And then it began to drizzle, which turned into pouring rain. We took shelter under the restaurant roof and for the first time I didn't have my book and wanted it (didn't think it'd be worth the weight). Regardless we had a nice chat and waited for the rain to cease. An ice cream vendor continued to say he was going and this was our last chance to get ice cream...for an hour. Pretty amusing. The horses were all saddled up (they might have even slept like that overnight :() and I splurged on a juice of course twice the price as normal. Thank god I brought the extra 50,000 I did because I spent every penny! The credit card reader wasn't working with the weather so after an outdoor shower (with very low walls) we split a fish plate three ways. Coconut rice might just be my new favorite thing. We definitely demolished it, but somehow the one plate fed all three of us! I bought a lock for the lockers that I ended up selling to them at their request (and a way for me to get more cash! If you go to Tayrona, bring A LOT of pesos). They then accompanied me to the mirador where my hammock was located and we had an amazing view of the stars. No meteor showers here (It was perseids), but still beautiful. My first hammock camping was great-no bugs (though I took local precautions-both a pill that makes your sweat a repellent, and a soap that you don't wash off), and I actually woke up slightly chilly and thankful I had brought the scarf and jacket I did (hard to imagine being cold earlier in the day!). Because it was rainy, no sunrise, but the rain shortly subsided and Andres, Diego, and I had a breakfast picnic on the beach of a stuffed pepper with avocado and tuna, and some fruit. Little random, but it sufficed (I had no more money for even the cheapest thing on the menu because it was 3x as expensive as breakfast usually is!).

I then set off for Pueblito, which translates as little town. I knew it was up a mountain, but was in NO way prepared for what lay ahead. THere was a sign that said "if you value your shoes more than the hike, it's not worth it" but nothing about the difficulty of the hike or the terrain that lay ahead. Within 10 minutes, I couldnt' figure out where the path continued, and after wandering around for a bit, met two German ladies, and very thankful I did. Turns out we had to crawl through a cave (the arrow on the sign said to go that way, but I didn't realize it meant THROUGH the cave!). And that was just the beginning. Over the course of the next hour, we hoisted ourselves up rocks, praying we wouldn't slip, used each other for hands and German-English-Spanished our way through the jungle. We encountered a guy from Barcelona and he made me feel much safer. He arrived jumping from rock to rock as two French guys that passed us did. This guy was AGILE! He dropped his water bottle and then sunglasses and both times just leaped between the two like no big deal. Meanwhile I did not take the leap of faith and inched my way through a 3 foot tall rock (that might even be generous) and then climbed up. I haven't been that dirty in a very long time-especially that quickly. We were sweating uncontrollably with dirt sticking to us and miraculously no bugs. Eventually, we had a beautiful view of the canopy (yes we hiked from the ocean to the canopy of the forest!) and came across a stream. Ana, one of the german girls, laid down in the water. I certainly washed myself and putting my feet in felt SO good. Unfortutunately, getting the Keanes wet wasnt the best idea and resulted in blisters :( At that point we were 90% there! I now know why this is the less touristy route, but was thankful I didn't have to climb down (we were exiting the park). At that stream, I met a gaggle of travelers from NZ and one from South Africa. They said these types of hikes were totally normal in NZ (!!) and I was sure I would lose them in the dust. But somehow I kept up with them and the Germans continued on and we had a lovely hike out, Two couples who were traveling for a year and a guy who was traveling by bike all over South America!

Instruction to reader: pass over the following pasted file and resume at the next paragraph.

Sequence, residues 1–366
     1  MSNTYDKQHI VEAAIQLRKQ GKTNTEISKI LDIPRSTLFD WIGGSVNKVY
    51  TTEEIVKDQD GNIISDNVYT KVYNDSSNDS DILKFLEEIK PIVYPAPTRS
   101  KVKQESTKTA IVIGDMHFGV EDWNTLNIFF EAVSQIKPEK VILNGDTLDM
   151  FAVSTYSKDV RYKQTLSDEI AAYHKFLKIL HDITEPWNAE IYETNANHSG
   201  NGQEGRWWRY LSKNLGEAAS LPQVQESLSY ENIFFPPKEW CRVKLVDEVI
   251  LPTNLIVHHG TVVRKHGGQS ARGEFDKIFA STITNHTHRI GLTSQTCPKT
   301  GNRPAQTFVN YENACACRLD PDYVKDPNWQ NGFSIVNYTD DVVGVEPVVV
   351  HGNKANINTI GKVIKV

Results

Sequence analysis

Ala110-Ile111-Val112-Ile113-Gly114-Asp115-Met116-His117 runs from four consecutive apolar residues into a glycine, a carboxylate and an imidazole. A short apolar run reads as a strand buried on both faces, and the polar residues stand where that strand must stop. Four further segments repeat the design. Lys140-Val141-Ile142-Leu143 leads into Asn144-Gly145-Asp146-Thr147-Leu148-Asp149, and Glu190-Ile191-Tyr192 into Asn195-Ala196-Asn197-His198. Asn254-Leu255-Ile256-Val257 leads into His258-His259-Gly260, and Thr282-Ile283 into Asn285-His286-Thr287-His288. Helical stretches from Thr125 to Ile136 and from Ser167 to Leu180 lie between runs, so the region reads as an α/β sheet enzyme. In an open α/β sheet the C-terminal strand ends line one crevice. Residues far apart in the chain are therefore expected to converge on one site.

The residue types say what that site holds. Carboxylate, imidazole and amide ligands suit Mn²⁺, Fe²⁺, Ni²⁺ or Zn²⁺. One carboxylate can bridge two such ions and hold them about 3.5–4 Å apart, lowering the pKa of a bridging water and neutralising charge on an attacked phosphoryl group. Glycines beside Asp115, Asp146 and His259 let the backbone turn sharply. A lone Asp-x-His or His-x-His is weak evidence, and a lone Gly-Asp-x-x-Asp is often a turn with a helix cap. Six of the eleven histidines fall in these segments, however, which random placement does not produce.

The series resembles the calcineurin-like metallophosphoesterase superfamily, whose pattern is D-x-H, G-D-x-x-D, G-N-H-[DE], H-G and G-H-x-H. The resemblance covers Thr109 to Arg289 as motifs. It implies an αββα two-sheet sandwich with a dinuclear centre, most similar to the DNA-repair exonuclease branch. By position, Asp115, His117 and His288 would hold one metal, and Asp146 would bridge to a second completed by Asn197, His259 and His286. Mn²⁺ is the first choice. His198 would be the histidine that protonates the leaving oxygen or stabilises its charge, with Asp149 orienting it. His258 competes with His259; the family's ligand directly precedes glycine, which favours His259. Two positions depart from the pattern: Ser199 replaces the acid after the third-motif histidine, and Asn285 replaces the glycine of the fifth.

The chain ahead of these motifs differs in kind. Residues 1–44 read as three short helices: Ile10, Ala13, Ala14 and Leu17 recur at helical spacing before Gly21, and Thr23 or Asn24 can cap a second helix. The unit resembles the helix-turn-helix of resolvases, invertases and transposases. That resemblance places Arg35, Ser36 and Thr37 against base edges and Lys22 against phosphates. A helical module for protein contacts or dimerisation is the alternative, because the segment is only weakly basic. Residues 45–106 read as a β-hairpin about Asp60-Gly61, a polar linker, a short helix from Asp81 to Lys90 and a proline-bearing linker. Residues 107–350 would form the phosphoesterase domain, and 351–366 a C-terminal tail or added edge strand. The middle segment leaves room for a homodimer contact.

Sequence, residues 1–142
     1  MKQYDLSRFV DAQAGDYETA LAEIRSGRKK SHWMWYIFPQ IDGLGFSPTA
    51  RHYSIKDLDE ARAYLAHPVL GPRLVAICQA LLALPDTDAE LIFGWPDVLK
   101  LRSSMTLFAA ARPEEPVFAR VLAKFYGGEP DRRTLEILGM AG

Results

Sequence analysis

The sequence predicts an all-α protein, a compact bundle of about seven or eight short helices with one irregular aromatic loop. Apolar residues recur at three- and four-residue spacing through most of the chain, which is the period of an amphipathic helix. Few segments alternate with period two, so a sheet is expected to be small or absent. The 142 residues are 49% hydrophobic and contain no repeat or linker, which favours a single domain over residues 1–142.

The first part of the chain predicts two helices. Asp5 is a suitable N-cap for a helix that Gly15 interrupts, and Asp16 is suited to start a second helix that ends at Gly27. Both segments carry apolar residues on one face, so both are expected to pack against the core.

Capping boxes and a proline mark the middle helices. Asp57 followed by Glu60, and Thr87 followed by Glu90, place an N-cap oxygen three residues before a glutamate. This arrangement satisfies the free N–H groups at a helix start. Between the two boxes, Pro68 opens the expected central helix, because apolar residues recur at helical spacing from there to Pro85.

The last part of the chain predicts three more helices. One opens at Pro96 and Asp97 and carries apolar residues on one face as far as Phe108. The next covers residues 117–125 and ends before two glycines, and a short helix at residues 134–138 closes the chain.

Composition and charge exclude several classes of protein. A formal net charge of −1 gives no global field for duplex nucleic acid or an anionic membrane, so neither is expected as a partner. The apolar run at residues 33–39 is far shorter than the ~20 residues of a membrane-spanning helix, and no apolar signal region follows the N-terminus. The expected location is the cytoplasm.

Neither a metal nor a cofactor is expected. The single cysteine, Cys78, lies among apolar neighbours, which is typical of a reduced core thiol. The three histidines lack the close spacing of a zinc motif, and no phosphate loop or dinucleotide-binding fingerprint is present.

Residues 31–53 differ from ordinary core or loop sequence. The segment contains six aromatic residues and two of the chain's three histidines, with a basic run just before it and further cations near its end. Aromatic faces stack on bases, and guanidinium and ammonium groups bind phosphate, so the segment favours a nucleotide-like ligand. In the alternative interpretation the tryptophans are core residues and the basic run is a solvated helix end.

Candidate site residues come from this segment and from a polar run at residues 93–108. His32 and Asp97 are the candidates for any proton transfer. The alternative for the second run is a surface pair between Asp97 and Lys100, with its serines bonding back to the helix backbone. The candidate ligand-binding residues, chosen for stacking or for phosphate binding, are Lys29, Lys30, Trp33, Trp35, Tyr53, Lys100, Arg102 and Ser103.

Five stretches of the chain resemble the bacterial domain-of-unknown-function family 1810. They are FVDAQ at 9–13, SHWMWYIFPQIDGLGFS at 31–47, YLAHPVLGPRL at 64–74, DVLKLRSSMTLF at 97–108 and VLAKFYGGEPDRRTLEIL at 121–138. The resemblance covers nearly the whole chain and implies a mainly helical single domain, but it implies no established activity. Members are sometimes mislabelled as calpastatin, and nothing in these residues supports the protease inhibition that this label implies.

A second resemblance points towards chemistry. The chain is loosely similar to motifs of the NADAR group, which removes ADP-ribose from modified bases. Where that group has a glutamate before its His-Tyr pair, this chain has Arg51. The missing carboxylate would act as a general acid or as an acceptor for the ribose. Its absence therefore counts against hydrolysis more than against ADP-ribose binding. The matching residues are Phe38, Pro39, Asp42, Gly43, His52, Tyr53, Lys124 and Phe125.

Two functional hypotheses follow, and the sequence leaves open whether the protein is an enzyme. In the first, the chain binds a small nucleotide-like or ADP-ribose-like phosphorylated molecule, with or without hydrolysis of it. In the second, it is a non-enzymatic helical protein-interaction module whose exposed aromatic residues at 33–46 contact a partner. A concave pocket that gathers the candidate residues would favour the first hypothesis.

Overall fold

We arrived at Pueblito, which was the equivalent of four huts where some indigenous people lived and 250 terraces they used for storage. Definitely about the journey, than the destination! I bought a US-priced banana and a bag of water (I had been completely out!) and we carried on. After we had finally stopped climbing up (I wish I had measured the vertical on my phone, but it was 5 miles of distance), we had a lovely jungle picnic-stopping for crackers and peanut butter and Colombian Chips ahoy in the middle of the jungle-I don't think peanut butter has ever tasted that good (esp when it's such a rare commodity here!)! We even tried a combo of peanut butter, tomato, and onion, which actually tasted pretty good. They were so gracious to share with me. Two were even vegan. They definitely made me reminisce about Chile and we exchanged travel stories. It's times like these when I"m so thankful to be traveling solo, because these things just don't happen when you can depend on another person.